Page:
Exit Polls Show Women Backed Clinton: "Democratic women rallied around Senator Hillary Rodham Clinton in the New Hampshire primary Tuesday, according to statewide exit polls, confounding expectations and providing her margin of victory over Senator Barack Obama," reports The New York Times.

The Clinton Comeback: Joan Walsh of Salon writes:

After her stunning upset victory over Barack Obama Tuesday night, Hillary Clinton gave the speech I thought she needed to give Monday. It was worth waiting for. "Over the last week, I listened to you, and in the process, I found my voice," she told a room of shocked supporters, looking a remarkable combination of exhausted, happy and humble. (Not humbled. There’s a difference.) "Let’s give America the kind of comeback New Hampshire has given me." There was a lot more "us," and "we," and "you" than "I." Even a line she’s used before had new resonance, delivered in a slightly subdued, grateful tone. "Too many of you have been invisible for too long. Well, you have not been invisible to me."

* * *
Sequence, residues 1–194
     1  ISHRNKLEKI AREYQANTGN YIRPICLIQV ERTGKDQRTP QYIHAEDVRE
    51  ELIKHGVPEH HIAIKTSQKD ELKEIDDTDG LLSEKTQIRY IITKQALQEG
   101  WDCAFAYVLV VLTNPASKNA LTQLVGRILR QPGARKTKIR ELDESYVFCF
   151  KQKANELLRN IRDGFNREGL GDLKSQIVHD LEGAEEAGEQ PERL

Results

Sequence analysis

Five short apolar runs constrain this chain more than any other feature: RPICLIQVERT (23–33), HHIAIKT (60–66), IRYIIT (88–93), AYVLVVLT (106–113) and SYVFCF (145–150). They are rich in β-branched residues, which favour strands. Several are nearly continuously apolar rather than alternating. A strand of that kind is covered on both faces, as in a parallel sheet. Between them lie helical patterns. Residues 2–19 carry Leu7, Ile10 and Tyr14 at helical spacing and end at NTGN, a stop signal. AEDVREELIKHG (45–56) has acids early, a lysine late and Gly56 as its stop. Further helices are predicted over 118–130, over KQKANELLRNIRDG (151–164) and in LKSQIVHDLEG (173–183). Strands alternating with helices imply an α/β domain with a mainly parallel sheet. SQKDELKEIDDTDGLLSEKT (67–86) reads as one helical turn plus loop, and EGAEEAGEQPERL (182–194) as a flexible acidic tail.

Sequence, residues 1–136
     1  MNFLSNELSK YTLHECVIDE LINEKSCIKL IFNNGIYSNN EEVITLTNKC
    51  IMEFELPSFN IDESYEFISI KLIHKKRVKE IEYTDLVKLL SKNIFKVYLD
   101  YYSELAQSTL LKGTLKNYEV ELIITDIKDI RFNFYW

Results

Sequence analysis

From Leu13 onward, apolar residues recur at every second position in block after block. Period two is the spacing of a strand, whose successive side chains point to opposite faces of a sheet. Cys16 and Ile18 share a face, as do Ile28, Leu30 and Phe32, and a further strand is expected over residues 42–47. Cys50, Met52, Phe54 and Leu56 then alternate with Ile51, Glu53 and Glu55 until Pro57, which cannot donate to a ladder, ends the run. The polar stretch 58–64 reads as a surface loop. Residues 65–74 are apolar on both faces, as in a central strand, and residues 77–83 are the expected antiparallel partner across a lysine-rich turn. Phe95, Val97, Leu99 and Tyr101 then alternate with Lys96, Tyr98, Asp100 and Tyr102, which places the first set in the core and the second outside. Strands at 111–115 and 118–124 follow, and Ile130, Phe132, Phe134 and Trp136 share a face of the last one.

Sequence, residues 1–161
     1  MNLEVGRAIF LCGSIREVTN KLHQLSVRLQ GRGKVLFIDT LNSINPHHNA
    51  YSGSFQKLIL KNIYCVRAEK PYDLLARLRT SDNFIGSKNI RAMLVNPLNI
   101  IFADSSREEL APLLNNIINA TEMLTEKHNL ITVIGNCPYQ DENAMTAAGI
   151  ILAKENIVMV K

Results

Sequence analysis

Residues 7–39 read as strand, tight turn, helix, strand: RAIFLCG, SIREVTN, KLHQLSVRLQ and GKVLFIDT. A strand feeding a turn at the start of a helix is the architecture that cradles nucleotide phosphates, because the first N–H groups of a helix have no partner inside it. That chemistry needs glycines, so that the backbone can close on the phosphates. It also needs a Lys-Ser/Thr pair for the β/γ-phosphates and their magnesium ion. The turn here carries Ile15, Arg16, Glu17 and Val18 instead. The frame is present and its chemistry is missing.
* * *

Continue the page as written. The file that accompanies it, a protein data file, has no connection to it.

Plus: The Times also looks at how voters responded to Clinton’s show of emotion. Maureen Dowd writes on the op-ed page, "There was a poignancy about the moment, seeing Hillary crack with exhaustion from decades of yearning to be the principal rather than the plus-one. But there was a whiff of Nixonian self-pi.jpgty about her choking up."

Megan Garber of Columbia Journalism News covers the media reaction:

Clinton’s Emotions didn’t just pervade the news during yesterday’s Political High Holy Day; they dominated it. The AP led its article
about eleventh-hour squabbles between the candidates — headlined
"McCain, Romney Tussle for Vital NH Win" — with this: "Her voice
quavering, Sen. Hillary Rodham Clinton struggled Monday to avoid a
highly damaging second straight defeat in the Democratic presidential
race." And as TIME’s Mark Halperin pointed out, each of the three major network TV news outlets led — yes, led — their evening news coverage with The Moment.

Which is, frankly, ridiculous. And even more so when compared to the
local news coverage here in New Hampshire, which generally either
downplayed or full-on ignored the "story." The Manchester Union Leader and the Concord Monitor, for example, didn’t cover the incident in their pages. (The Monitor made a brief mention
of it in its blog.) Local TV news here aired a piece about it in its
evening news shows, but the local coverage was much more matter-of-fact
than its national counterparts’.

Focus on Real Family Values: Mothers’ groups are talking to presidential campaigns about family values, reports Alison Bowen at Women’s eNnews. It’s time, says a founder of Moms Rising, to focus on paid sick days for workers, equal pay for women and affordable health care for all.


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